1. Propranolol has been given orally in a dose sufficient to achieve beta-blockade throughout the day in normal rats, renal hypertensive animals with and without contralateral nephrectomy, spontaneously hypertensive and deoxycorticosterone (DOCA) hypertensive rats. The drug was given either after hypertension had become fully established or during the phase of rising blood pressure.

2. With this treatment, heart rate was reduced by approximately 100 beats/min in all experimental groups.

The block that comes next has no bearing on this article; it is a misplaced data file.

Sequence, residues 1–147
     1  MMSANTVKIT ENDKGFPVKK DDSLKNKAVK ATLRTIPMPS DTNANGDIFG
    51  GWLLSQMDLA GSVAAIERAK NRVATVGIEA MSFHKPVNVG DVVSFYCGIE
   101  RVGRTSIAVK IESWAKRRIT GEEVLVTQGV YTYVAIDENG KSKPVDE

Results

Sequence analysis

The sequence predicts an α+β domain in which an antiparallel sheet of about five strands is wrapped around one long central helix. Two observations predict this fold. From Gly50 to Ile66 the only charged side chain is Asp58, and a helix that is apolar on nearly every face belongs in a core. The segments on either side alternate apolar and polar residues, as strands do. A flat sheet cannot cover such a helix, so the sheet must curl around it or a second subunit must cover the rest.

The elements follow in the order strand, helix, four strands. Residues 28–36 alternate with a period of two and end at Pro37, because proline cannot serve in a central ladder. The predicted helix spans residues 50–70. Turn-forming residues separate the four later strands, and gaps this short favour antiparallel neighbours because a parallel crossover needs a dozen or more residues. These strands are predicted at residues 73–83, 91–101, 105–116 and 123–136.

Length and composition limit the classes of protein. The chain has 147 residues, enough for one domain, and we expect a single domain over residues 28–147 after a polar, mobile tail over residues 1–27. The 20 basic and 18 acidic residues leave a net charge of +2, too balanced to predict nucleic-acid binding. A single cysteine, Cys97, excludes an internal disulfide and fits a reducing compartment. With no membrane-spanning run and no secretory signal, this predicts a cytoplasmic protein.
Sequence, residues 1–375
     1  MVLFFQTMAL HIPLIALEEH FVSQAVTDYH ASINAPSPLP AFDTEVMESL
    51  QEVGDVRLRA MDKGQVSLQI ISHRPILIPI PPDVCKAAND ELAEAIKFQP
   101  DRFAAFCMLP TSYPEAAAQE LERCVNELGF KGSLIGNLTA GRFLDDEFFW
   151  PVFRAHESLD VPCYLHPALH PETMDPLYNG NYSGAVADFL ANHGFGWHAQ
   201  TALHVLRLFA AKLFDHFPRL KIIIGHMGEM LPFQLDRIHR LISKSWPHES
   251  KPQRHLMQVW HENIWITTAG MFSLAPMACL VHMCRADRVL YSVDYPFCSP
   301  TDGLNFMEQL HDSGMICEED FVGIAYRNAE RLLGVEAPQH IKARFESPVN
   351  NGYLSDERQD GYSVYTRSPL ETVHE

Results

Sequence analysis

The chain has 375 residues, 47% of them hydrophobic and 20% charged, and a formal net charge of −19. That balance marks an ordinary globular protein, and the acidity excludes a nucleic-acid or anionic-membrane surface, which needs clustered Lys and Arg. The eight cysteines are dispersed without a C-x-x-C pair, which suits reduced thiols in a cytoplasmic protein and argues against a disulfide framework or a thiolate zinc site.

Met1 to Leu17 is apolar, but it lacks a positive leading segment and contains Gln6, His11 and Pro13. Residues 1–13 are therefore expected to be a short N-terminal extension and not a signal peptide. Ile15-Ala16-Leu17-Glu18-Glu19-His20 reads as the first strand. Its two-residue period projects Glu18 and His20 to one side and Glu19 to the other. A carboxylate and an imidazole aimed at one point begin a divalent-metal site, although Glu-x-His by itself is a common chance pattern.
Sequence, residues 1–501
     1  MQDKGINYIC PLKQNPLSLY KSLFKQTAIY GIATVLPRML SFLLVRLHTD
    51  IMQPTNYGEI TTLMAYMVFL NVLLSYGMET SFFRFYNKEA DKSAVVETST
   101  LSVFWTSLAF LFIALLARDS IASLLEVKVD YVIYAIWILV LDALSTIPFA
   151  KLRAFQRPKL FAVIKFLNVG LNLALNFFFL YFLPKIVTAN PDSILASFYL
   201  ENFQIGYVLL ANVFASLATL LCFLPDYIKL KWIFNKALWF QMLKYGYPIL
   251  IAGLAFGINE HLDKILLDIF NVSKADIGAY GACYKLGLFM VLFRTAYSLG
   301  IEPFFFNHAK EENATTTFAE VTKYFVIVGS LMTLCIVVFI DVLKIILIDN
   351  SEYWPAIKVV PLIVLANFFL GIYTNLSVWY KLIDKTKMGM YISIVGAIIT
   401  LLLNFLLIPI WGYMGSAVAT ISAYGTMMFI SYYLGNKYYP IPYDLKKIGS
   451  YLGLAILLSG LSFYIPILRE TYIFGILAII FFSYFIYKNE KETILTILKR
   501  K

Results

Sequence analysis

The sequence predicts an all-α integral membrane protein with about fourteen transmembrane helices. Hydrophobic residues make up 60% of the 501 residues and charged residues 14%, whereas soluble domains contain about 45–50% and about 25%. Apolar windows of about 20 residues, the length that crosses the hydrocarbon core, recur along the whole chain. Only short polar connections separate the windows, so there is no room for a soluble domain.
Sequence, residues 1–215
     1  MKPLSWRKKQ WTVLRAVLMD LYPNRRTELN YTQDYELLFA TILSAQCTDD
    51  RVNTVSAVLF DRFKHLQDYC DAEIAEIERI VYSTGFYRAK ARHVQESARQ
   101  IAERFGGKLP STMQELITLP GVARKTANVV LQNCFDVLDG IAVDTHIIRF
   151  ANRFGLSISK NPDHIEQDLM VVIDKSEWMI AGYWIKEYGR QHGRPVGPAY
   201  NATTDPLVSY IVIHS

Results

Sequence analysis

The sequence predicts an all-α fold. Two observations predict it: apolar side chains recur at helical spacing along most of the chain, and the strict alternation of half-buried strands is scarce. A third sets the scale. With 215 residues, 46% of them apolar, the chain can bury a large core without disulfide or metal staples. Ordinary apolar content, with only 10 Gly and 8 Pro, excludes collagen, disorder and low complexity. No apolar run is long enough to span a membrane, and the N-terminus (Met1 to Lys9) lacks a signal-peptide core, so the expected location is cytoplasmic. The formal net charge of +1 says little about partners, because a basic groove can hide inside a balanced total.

3. In established hypertension, treatment with propranolol for 7–9 days was ineffective in lowering blood pressure in any of the models of experimental hypertension. It also had no effect on blood pressure in normal animals.

4. Chronic treatment with propranolol during the phase of rising blood pressure had no effect in renal hypertensive animals. In spontaneous hypertension, the rise in blood pressure was limited to 28 mmHg with propranolol treatment as compared with 58 mmHg in control animals. Likewise, in DOCA hypertension, the rise in pressure was limited to 18 mmHg as compared with 46 mmHg in control animals.

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